“When Jason gave me that first order, I didn’t know what to do. I knew how to get the fish he wanted, but it really put me into the business” of getting fish fresh from the day boats and to Vermont and New Hampshire chefs on the same day, Wood said. “It wasn’t just for gas money anymore.”
From the beginning he decided that he would provide customers only with fish and shellfish caught or raised in a sustainable manner and that he would guarantee top-quality products, he said.
As a result, Wood has developed a loyal customer base including such Upper Valley eateries as Simon Pearce Restaurant in Quechee, Prince and the Pauper in Woodstock, Twin Farms in Barnard, Canoe Club and Murphy’s in Hanover and others. Most of his customers, however, are in the Burlington area and near Sugarbush and other ski resorts.
“People don’t think of the Upper Valley and Hanover as an area where you can get terrific fish, but (Wood) has an integrity and has developed a level of trust that we know whatever we get from him is going to be great products,” Canoe Club Owner John Chapin said Friday.
“Plus there’s something comforting about knowing his level of expertise and that he’s the guy lugging the coolers full of fish in the back door. There’s sort of a mom-and-pop aspect about his business,” Chapin said.
“He has great relationships with his suppliers, the people on the docks and the boats, and that really makes a difference in the quality of the fish he sells,” said Jerod Rockwell, the general manager and executive chef at Simon Pearce. “His passion to bring you the best quality it can be is unparalleled,” Rockwell said last week.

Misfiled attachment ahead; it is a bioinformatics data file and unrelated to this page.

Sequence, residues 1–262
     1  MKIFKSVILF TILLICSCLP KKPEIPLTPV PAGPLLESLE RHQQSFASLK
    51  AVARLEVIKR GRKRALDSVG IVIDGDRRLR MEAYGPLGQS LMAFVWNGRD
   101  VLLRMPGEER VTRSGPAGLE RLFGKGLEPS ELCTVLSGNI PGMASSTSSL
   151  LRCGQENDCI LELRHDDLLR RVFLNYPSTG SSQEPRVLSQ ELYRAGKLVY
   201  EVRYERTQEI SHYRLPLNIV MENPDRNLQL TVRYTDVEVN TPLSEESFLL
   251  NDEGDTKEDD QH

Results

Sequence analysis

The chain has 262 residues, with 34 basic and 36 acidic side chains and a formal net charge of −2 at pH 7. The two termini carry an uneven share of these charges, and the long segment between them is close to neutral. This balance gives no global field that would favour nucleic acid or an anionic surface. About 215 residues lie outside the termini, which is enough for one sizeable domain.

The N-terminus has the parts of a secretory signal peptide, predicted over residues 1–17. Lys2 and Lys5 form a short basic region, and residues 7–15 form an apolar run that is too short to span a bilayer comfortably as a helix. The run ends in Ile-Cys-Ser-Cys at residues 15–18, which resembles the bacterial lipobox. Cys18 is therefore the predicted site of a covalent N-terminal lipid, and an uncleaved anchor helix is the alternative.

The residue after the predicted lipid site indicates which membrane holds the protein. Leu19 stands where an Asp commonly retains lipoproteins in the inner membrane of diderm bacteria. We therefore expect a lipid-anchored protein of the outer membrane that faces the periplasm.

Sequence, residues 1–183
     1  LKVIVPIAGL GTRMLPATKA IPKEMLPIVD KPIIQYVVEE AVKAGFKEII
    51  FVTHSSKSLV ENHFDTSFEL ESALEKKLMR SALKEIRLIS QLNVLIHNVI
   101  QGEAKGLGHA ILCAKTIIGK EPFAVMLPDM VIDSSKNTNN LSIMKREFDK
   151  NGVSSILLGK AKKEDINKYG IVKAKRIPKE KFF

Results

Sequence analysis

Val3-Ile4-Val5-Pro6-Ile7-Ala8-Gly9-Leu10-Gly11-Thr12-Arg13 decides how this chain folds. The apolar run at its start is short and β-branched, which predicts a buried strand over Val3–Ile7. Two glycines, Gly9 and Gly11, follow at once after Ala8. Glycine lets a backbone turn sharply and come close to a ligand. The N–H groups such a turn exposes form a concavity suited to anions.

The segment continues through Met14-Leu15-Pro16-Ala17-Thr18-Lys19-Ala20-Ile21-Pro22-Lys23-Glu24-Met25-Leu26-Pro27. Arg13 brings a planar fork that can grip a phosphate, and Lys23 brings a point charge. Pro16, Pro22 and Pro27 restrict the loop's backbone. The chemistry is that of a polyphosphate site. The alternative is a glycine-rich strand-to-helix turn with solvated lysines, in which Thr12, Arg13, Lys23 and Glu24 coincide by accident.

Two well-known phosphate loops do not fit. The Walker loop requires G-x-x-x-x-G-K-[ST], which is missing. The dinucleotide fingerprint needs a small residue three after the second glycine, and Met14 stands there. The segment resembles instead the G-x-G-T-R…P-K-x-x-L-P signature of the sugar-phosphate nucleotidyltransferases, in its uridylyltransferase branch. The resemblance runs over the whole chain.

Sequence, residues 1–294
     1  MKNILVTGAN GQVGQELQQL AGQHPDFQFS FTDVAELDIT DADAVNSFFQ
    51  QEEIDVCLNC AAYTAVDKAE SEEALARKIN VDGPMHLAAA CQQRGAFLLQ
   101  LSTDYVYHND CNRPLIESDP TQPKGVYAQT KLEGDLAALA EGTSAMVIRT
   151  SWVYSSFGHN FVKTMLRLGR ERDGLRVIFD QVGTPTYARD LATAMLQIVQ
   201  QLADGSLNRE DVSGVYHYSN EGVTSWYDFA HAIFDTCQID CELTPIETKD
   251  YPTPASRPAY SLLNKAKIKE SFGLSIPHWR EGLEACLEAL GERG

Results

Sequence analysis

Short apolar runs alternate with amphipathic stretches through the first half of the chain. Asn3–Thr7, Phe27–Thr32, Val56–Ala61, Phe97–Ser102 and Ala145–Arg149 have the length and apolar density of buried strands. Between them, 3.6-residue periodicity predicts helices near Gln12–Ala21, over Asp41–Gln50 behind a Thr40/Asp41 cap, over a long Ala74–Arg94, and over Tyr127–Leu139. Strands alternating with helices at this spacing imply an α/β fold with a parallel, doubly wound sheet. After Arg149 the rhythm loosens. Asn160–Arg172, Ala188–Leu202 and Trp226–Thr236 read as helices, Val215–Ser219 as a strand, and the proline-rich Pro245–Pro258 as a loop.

The key to his business, Wood said, is paying for the fish and other seafood products when he picks them up.
“I deal with people up the East Coast from Long Island, N.Y., up to Portland, Maine. Many of them are friends and family, but I always pay for what I get. That way I don’t have to worry about it, and they appreciate it. And I get to cherry pick what I want, the best stuff,” Wood said.
The 33-year-old Wood now has three vehicles for the business, two in Vermont and the main truck he drives up from Boston on Tuesdays, Thursdays and Fridays. He’s the only full-time employee — Merrill and his cousin Elana Dryer work on commission and deliver in the other two vehicles. As a joke, he’s set a goal of gross sales of over $3 million so he can get into a Harvard MBA program for small businesses. He doesn’t want to talk about his exact sales figures, but says he’s closing in on the goal.
The $3 million goal is “sort of a carrot on a stick, and I’m the donkey. It’s really a thing I say to make my mom happy. Every mother wants more for her son, but I’m a fishmonger, and I’m happy with my life,” he said.
“At the end of the day, it’s really all about skiing.”
And he says he’s unsuccessfully encouraged Merrill to give up the fish business. “He’s working really long days at a very successful restaurant, but that’s what he wants to do.
“Some days, I have to wake him up. I find him sleeping in the van waiting for me to arrive with the fish. But I call his wife and assure her he’s getting a lot of sleep. So, I guess it’s OK,” Wood joked.
Warren Johnston can be reached at firstname.lastname@example.org or at 603-727-3216.